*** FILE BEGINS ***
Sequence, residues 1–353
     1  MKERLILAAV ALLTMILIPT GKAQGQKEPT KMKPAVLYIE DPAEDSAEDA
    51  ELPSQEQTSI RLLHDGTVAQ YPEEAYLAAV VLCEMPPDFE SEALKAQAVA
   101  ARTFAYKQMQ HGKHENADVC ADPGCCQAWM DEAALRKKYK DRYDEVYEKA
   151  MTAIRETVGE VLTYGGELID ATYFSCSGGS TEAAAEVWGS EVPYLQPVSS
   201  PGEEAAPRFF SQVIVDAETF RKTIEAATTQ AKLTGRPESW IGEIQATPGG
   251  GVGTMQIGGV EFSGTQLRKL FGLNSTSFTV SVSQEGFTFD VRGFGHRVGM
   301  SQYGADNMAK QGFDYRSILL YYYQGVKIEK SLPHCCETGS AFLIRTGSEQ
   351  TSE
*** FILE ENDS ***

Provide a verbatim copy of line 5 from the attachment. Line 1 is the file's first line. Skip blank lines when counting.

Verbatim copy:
   151  MTAIRETVGE VLTYGGELID ATYFSCSGGS TEAAAEVWGS EVPYLQPVSS